Building Your Media Outreach Strategy
On this page we provide you with some insights into possible ways to reach out to the media, one of the most important but also one of the most difficult communication actions for ETC programmes and projects.
It may not always seem an utmost priority in your communications work, but good media relations are essential to create a positive image of your programme and to make it known among your target groups. If you want to generate press coverage about your programme, you need to speak to journalists. This may not always be an easy task since European Territorial Cooperation is sometimes not very tangible and therefore it is not easy to convince the media to find your story newsworthy.
So, first of all you should make sure you really have something interesting to tell. The worst is to bombard journalists with press releases on non-relevant issues. It may not be easy to identify interesting topics concerning your programme, but you should first of all ask yourself whether the story would be interesting for your local/regional media, national or even European media or all of them. For instance, journalists from regional media will tend to look at events from a local angle because their audiences care more about what the local impact will be. International journalists may be more interested in the big picture.
A journalist uses the news angle to tell readers why they should care about different things. Many developments that are fascinating and very important to people within European Territorial Cooperation programmes are not newsworthy outside the ETC world. This is why news angles are so important. To generate interest in your programme and projects you need to develop creative PR angles that will capture the interest of your audiences over the activities of your organisations.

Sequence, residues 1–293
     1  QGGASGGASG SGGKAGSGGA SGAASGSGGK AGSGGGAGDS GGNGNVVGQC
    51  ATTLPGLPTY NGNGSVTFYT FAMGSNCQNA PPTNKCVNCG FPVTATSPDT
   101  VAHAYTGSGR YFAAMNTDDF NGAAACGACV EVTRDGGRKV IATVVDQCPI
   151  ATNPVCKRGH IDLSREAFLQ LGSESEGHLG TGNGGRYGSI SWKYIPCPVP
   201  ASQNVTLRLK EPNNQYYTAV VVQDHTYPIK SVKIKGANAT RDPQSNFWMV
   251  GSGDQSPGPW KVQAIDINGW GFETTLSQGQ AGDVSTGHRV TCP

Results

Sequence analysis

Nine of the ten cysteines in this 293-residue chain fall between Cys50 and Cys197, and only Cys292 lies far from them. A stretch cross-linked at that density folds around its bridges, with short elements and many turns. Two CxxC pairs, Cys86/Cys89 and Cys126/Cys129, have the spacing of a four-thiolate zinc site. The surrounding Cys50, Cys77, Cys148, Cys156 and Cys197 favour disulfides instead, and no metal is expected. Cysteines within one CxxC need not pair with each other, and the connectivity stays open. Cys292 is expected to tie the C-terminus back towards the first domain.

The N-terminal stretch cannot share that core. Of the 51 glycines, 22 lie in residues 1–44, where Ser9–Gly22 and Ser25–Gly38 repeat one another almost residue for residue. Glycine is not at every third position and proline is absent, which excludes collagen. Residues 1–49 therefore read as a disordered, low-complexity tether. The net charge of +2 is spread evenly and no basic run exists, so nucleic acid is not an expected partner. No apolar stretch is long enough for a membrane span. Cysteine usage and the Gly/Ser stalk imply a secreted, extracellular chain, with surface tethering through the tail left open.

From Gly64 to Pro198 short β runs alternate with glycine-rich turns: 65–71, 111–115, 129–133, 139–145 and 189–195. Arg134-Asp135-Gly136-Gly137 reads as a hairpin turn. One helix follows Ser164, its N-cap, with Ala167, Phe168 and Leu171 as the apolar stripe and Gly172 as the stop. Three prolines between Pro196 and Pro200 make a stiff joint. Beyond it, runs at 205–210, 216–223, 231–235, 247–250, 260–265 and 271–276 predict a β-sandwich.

Change, novelty and human interest are usually considered good angles and work better than general news about your programmes (eg about your call for proposals and its results). In this respect, many programmes were successful in using good project examples and related stories to obtain media coverage of the overall programme.
How Journalists Think
If you want to convince a journalist to write about your programme, you need to understand how he thinks and functions. It will undoubtedly help to build up personal relationships with journalists that cover European Affairs or your programme’s or projects’ priorities. There are a few additional rules you should respect:
Respect the journalist’s schedule (deadlines for publishing articles, organise press briefings rather in the morning…).
Journalists like to get exclusive news. Sometimes a phone call or a coffee can be much more efficient than sending out a press release to 1000 journalists.
Always call your journalist back, never let him/her wait!
The journalist has to sell your story to the editor-in-chief, so make his job as easy as possible by providing him with complete information and photo or audiovisual material if needed.
When you are in touch with local/regional journalists, make sure you communicate in their local language.
Different needs for different media (print needs photos, TV needs images and radio needs sounds/soundbites!).
In case you are organising a press event: prepare easy-to-read and complete press kits (including photos on a CD-rom, factsheets, contact addresses etc..).